April 2017 -- Nisan-Iyar 5777,  Volume 23, Issue 4

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New Unity Torah Brings Community Together Before Passover

By Stephen E. Lipken

 

A joyous procession of the Unity Torah, written in response to global anti-Semitism, took place from Dobbs Ferry High School to Chabad of Rivertowns House, 303 Broadway, Dobbs Ferry on Sunday, March 26, following a “Maccabeats” concert, attended by approximately 500  community members.

 

The Torah was conceived in agony, following the settlement of a law suit  brought in the Southern District of New York, instigated by Jean-Marc Orlando, 47,  in 2014-2015 against his former employer, BNP Paribas North America, alleging that he was “discriminated against on the basis of his religion, subjugated to a hostile work environment and retaliated against for making complaints…” when forced to watch a scathing “training” video in Amsterdam, portraying Adolf Hitler as CEO of a BNPP competitor bank with Nazi soldiers as competitor bank executives. When he objected, Jean-Marc was threatened with his job.

 

Orlando’s Tunisian grandmother was abducted by the Nazis, narrowly escaping deportation. He donated a portion of his settlement to commission a Safer Torah for Chabad. Orlando’s family was given the honor of writing the last letter on the Unity Torah with Sopher, {scribe} Rabbi Yochanan Klein.

 

“Jews were not allowed in this region of Westchester and now we are going to celebrate in the streets of Dobbs Ferry,” Orlando averred.  “The Police have blocked the street.  We are about to march with a chuppah (Torah/Marriage Canopy)….All this is based on a concept of unity, that there should be no more anti-Semitism here in America and anywhere in the world.”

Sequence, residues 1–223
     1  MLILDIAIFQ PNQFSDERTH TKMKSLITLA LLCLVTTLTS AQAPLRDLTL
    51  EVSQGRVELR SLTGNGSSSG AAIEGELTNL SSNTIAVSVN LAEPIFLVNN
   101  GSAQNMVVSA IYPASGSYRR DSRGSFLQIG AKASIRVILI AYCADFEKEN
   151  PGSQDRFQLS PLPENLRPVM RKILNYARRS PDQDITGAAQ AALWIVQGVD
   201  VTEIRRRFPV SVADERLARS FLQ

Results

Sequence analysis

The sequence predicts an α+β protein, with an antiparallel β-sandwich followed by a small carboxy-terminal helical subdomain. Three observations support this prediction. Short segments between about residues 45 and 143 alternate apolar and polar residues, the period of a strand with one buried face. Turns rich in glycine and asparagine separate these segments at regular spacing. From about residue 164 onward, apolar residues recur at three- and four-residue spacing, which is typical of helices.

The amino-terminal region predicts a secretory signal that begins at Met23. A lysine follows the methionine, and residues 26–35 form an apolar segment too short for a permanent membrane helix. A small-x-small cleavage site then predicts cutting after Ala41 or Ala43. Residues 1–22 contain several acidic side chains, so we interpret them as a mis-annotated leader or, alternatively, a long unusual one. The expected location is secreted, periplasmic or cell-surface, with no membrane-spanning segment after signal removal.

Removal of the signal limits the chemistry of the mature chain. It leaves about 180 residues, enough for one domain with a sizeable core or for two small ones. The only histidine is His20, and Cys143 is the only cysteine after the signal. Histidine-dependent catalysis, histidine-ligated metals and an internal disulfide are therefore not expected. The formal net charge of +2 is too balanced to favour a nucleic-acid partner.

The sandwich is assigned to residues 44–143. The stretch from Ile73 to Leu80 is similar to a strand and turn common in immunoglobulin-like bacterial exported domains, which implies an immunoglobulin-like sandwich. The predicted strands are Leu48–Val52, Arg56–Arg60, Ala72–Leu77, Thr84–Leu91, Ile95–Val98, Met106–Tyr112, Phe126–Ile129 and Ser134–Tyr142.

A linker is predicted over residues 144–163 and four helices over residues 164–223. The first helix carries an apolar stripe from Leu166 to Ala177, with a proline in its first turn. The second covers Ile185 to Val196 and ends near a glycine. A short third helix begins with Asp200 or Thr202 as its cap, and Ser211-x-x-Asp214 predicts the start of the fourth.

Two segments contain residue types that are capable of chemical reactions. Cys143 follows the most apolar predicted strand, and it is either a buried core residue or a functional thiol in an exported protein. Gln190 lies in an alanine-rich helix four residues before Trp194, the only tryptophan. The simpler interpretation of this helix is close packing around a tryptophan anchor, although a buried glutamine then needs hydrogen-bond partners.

Co-Chair of the House of Representatives Bipartisan Task Force for Combating Anti-Semitism, Congresswoman Nita Lowey stated, “I am alarmed as you are to see hate everywhere, to see people killing each other….  As a Jewish woman and Member of Congress I just want to assure you that I will continue to act and represented by this Unity Torah, we will overcome, endure and teach the lessons of Torah…”

 

“Regarding Passover, it is a time that is widely celebrated by the Jewish community,” Chabad of Rivertowns Rabbi Benjy Silverman noted.  “One of the beautiful aspects of Passover is the fact that it brings families together.  Many families celebrate the Seder together and that is one of the traditions I believe that has kept the Passover tradition so strong.

 

“That is really what our Unity Torah is all about.  It is a Torah that is being written due to someone’s individual personal story as a Jew, presenting it to the whole community, inviting everyone to participate by dedicating letters or words of this Torah so that it is truly a community Torah…to bring the entire community together, very much in line with the theme of Passover…,” Silverman stressed.